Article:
2.0 out of 5 stars Missing information and factual errors 25 April 2005
By William Smith - Published on
I found reading this book very frustrating for several reasons.

The first reason was that it would explain similar concepts in different programming languages with almost identical text with only a few words changed. It would have been much better if the book was organized to not be just an inventory of the features of the example languages but would contrast their meaning. It also seemed to focus more on the differing syntaxes of the languages instead of the similar or different semantics behind those syntaxes. It also would have been a stronger book if it mentioned concepts that were present in some languages not surveyed by the book.

It was also not very objective and would make value judgements about the languages, usually by praising Ada's attributes and disparaging C and C++.

Another problem that I found was that it had factual errors about C and C++. For example, it made an emphatic point of saying that C++ arrays could only be initialized with constants, which is not true. It also glossed over C++'s references and frequently made no distinction between C and C++.

In its section on parameter passing, it left out several important parameter passing mechanisms such as thunking (there was no mention of this at all) and C++'s non-const reference parameters. Also, it claimed that C had no modularity techniques and was therefore only useful for small projects and ignored the benefits of static functions or variables that can hide the internal structure of algorithms and information.

While I'm most familiar with C and C++, the flaws in this book with those languages made me unable to trust its comments about other languages. The value judgements it made about the quality or usefulness of different languages were both distracting and unhelpful.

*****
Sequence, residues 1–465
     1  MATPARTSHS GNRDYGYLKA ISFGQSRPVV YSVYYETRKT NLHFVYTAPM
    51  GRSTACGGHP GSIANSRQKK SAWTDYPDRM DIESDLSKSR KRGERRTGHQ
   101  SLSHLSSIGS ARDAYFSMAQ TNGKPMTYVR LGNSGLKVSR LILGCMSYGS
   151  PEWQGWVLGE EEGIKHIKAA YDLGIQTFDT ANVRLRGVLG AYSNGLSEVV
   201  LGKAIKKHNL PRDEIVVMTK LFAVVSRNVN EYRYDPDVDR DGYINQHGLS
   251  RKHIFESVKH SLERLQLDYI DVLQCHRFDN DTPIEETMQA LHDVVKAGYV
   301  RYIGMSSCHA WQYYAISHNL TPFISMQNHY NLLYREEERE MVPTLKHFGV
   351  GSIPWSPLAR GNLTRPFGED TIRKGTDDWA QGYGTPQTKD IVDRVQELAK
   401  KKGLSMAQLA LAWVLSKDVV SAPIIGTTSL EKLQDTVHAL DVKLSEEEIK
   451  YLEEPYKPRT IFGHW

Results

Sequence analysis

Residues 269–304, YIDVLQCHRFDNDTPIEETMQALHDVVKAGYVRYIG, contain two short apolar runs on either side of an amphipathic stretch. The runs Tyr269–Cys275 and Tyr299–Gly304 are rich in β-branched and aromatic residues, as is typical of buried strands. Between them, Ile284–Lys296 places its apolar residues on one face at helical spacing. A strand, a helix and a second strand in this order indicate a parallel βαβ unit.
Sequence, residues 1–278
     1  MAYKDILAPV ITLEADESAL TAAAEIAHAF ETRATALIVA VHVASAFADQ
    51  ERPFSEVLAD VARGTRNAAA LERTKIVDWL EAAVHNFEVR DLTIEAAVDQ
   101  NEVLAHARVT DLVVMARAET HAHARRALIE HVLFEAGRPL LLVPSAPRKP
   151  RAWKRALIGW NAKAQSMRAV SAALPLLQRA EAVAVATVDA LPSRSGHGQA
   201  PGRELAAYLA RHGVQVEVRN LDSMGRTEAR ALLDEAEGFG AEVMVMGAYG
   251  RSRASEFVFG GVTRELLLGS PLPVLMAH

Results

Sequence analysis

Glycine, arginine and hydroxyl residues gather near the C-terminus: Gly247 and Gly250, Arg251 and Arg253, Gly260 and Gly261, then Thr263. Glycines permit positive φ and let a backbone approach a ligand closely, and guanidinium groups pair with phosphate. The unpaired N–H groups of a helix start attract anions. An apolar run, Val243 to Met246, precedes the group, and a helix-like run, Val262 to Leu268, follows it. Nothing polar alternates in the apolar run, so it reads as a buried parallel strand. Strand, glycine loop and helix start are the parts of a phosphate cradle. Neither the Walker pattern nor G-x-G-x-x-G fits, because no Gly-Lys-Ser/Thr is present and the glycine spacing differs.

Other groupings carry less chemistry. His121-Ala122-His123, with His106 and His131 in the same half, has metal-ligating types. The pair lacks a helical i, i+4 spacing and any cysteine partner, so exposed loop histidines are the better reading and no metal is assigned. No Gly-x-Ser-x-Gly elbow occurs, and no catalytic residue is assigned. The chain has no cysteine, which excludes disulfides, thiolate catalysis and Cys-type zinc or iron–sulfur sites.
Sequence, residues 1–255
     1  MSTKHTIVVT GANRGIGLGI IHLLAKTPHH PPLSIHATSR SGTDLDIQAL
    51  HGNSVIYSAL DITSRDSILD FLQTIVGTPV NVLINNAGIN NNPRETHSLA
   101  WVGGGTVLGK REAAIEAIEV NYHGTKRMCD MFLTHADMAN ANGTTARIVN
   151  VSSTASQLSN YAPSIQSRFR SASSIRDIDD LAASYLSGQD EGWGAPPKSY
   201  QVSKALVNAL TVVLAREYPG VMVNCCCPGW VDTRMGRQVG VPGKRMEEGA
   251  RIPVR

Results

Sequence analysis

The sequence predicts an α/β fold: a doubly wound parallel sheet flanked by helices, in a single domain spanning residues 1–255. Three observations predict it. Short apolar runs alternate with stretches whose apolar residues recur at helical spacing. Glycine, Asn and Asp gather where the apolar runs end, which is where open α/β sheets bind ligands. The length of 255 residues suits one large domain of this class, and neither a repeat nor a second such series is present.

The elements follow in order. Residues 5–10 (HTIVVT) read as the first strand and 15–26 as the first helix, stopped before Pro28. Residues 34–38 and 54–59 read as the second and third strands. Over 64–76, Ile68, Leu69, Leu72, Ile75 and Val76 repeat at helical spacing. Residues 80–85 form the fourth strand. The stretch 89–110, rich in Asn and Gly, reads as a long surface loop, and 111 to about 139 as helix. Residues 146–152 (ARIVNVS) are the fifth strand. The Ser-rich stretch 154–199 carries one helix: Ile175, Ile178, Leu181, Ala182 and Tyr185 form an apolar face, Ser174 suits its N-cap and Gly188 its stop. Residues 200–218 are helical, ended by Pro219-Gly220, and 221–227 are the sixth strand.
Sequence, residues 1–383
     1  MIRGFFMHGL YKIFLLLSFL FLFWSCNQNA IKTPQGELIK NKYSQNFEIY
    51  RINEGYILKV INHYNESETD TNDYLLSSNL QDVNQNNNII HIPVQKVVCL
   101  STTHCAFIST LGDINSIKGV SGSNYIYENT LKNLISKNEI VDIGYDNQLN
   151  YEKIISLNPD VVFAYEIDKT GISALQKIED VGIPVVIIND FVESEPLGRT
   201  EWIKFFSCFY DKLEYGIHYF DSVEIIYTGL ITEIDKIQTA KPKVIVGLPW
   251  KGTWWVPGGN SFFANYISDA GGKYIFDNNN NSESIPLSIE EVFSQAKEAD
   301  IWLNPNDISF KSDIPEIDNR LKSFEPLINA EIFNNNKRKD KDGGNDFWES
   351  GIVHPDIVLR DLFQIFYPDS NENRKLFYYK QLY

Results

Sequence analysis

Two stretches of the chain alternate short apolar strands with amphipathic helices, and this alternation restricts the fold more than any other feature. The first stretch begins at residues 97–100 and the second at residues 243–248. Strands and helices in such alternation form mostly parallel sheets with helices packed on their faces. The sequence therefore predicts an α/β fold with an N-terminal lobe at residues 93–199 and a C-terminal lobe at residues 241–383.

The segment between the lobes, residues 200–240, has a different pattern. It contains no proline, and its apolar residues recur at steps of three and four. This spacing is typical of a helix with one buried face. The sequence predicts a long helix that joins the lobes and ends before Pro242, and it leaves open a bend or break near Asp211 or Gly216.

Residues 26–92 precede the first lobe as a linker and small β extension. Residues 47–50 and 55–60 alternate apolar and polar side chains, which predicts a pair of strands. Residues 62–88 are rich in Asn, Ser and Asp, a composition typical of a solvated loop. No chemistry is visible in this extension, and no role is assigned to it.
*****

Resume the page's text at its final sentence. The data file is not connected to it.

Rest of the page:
7 of 8 people found the following review helpful
3.0 out of 5 stars No really theory! 22 Oct 2005
By Jos van Roosmalen - Published on
I would everyone recommend NOT to buy this book, but to buy 'Programming Language Pragmatics' by Michael L. Scott.

The problem with this book is this:

It has a very practical approach. This would be nice for some class of readers, but the problem is that the title suggest it's about language design & concepts (so theory).

This book tells you e.g. in short what a classes/objects are, and then a lot of examples in different languages how to define classes and work with objects.

The problem is, that it doesn't tell me anything about the core concepts of OO like inheritance and information hiding. Sure it tells me what inheritance is, and how to do this in different languages, but it doesn't tell me the path to inheritance (what was before, why we have it now), so the concept behind the concept is missing.

So I don't read in this book the concepts behind the concepts. What's the history of OO, how we did get here(Algol -> Modula, etc), the philosofy behind those things etc.

If you want to know this and other things you need to read the book I recommend above.
1 of 1 people found the following review helpful
2.0 out of 5 stars Simply wrong 26 April 2011
By Luciano Ramalho - Published on
The author cannot hide his bias towards static typing, and fails to appreciate the power of a dynamic language such as Python. The Python case study (Section 16.3, p. 425) has this criticism:

The compiler will not reject code that might fail with a type error, nor even code that will certainly fail, such as:

def fail(x):
... print x+1, x[0]

In fact it is trivial to implement a class X to create an instance x that can be added to an integer and accessed as a sequence, thanks to basic operator overloading. In order to comment on the design of a language, it is prudent to have more than passing knowledge of its semantics.